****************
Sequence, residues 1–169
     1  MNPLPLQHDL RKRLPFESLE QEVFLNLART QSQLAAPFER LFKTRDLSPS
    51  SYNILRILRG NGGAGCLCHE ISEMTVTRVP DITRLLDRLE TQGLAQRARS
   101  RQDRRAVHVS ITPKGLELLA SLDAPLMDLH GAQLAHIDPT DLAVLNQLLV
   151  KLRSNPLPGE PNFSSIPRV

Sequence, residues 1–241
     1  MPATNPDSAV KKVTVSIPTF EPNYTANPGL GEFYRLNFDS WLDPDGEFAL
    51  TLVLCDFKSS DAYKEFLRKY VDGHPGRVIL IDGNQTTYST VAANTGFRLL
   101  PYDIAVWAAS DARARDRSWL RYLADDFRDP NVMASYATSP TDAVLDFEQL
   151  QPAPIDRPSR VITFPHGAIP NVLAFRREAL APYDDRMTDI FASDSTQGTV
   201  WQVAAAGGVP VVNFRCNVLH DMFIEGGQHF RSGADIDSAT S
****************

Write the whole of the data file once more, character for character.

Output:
Sequence, residues 1–169
     1  MNPLPLQHDL RKRLPFESLE QEVFLNLART QSQLAAPFER LFKTRDLSPS
    51  SYNILRILRG NGGAGCLCHE ISEMTVTRVP DITRLLDRLE TQGLAQRARS
   101  RQDRRAVHVS ITPKGLELLA SLDAPLMDLH GAQLAHIDPT DLAVLNQLLV
   151  KLRSNPLPGE PNFSSIPRV

Sequence, residues 1–241
     1  MPATNPDSAV KKVTVSIPTF EPNYTANPGL GEFYRLNFDS WLDPDGEFAL
    51  TLVLCDFKSS DAYKEFLRKY VDGHPGRVIL IDGNQTTYST VAANTGFRLL
   101  PYDIAVWAAS DARARDRSWL RYLADDFRDP NVMASYATSP TDAVLDFEQL
   151  QPAPIDRPSR VITFPHGAIP NVLAFRREAL APYDDRMTDI FASDSTQGTV
   201  WQVAAAGGVP VVNFRCNVLH DMFIEGGQHF RSGADIDSAT S